Consider the following scenario:
- We start migrating tenant X
- The migration sets a start timestamp of TS(100)
- When the tenant cloners complete, the last write on the donor for tenant X is TS(90) and tenant Y is TS(150)
- TS(150) is the read concern majority optime on the donor, and thus is the ‘lastVisibleOpTime’ that the recipient receives.The recipient thus sets its 'stopTimestamp’ to TS(150).
- The last oplog entry fetched on the recipient is at TS(90)
The recipient will never apply an oplog entry with a timestamp greater than or equal to TS(150), and thus will never think it’s consistent.
To fix this, we make sure that the tenant oplog applier writes a noop oplog entry into its oplog buffer whenever it receives a batch. We must be careful however, that this noop entry is not too high. If the recipient wrote the ‘lastVisibleOpTime’ as a noop, then if the recipient were lagged, that noop could make it appear as though the recipient were actually more up to date than it actually is. The correct value is the “latest oplog timestamp the donor sees when doing its oplog query”. This is exactly what the TRACK_LATEST_OPLOG_TS query parameter includes in the query response, with the postBatchResumeToken.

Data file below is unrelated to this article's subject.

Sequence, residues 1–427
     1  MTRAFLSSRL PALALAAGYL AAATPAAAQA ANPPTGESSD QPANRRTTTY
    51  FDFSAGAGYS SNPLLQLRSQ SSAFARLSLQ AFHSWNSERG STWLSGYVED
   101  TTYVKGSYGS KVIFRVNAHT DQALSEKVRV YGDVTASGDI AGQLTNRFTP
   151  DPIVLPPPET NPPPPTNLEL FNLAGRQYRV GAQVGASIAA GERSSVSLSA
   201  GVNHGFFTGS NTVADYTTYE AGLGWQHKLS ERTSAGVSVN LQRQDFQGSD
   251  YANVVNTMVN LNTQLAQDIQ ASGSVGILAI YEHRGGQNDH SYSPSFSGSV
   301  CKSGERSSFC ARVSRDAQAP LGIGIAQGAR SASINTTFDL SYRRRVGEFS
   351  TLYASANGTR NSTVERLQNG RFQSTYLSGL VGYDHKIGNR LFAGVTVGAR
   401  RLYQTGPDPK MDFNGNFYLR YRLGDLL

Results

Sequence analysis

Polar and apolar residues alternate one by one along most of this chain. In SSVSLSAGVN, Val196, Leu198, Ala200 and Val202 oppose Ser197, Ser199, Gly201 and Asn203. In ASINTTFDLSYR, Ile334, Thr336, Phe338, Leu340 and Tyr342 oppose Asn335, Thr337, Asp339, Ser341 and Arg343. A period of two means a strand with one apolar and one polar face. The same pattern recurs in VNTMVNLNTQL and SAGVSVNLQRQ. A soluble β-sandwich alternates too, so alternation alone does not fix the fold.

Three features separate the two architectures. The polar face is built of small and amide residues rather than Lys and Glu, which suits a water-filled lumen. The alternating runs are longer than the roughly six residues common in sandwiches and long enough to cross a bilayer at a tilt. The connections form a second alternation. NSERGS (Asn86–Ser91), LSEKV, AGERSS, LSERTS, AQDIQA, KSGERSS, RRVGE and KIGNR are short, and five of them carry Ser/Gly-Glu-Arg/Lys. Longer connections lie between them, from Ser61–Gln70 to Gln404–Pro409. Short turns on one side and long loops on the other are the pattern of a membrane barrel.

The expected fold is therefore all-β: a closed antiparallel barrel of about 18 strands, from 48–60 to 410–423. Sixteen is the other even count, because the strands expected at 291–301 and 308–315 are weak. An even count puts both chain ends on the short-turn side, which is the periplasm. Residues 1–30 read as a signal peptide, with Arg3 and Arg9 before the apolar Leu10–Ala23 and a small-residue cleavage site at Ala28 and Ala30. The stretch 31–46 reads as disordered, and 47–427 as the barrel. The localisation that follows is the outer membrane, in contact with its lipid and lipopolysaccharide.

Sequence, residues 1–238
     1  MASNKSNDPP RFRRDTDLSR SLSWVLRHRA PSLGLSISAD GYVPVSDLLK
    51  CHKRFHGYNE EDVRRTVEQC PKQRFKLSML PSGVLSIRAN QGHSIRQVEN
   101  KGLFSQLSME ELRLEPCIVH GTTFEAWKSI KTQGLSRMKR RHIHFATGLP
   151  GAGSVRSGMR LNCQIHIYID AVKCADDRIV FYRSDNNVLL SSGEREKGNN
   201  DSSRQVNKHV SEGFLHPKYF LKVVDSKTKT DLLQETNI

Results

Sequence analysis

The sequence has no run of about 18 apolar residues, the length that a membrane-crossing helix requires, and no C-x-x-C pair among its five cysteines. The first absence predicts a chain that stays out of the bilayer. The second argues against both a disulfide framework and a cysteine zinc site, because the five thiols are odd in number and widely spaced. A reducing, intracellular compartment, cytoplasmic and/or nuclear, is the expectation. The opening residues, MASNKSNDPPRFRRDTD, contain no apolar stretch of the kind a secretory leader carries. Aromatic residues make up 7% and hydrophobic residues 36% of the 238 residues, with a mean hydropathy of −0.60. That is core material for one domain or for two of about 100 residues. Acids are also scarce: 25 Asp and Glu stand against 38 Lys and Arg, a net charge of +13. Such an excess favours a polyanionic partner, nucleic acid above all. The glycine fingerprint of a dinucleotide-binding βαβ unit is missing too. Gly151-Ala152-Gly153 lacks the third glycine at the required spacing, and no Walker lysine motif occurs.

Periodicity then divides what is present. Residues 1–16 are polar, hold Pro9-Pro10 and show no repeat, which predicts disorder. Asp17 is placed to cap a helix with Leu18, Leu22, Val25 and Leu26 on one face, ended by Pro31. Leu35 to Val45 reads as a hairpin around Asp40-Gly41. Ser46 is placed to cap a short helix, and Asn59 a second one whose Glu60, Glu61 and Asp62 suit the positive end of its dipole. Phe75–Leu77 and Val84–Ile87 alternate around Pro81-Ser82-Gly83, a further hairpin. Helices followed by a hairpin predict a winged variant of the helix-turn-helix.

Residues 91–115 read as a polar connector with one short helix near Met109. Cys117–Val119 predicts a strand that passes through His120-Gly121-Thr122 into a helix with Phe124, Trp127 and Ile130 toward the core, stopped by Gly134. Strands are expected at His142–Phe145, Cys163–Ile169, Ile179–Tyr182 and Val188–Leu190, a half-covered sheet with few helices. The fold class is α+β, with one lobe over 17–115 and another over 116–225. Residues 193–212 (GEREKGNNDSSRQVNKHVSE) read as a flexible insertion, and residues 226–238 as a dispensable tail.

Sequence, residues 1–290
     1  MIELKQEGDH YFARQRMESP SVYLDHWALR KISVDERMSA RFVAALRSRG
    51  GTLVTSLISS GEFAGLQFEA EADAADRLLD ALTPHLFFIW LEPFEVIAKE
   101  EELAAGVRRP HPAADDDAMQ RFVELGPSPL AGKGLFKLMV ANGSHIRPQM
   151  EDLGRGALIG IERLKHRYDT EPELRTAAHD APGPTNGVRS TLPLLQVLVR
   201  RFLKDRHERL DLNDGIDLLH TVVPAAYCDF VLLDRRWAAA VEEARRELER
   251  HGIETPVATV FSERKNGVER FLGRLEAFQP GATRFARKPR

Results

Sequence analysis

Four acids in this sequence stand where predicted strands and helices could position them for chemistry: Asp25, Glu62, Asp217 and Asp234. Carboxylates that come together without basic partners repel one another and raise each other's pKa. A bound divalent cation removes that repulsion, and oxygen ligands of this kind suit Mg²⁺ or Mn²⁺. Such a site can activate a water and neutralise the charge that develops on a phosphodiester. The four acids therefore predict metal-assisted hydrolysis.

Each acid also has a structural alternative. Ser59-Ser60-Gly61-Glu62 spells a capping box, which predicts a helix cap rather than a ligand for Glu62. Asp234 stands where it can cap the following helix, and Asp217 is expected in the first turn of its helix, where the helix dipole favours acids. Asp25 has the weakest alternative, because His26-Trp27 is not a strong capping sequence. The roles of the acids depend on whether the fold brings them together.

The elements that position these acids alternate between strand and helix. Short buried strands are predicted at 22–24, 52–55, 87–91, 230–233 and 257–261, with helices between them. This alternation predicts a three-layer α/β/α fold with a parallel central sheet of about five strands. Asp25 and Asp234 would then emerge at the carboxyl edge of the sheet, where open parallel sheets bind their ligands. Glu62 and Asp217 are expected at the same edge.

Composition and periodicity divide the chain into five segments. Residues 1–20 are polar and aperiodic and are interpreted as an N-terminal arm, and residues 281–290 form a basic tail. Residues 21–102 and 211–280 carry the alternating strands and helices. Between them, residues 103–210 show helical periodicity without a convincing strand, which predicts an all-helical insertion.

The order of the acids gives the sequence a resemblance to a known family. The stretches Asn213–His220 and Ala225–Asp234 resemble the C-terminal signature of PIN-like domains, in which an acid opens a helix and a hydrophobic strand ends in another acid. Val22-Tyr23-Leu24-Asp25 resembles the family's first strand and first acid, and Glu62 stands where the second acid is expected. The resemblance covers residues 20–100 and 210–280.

We write these noops for empty batches as well since it should be simple to ignore duplicate timestamps in the oplog buffer and it will ensure the recipient does not need to rescan oplog entries on recovery that it filtered out previously.
Resharding faces this analogous problem, but is solving it in aggregation since they use aggregation rather than find commands. We must correctly expose this resume token for find commands in
SERVER-51227, and then write and process the noops in this ticket.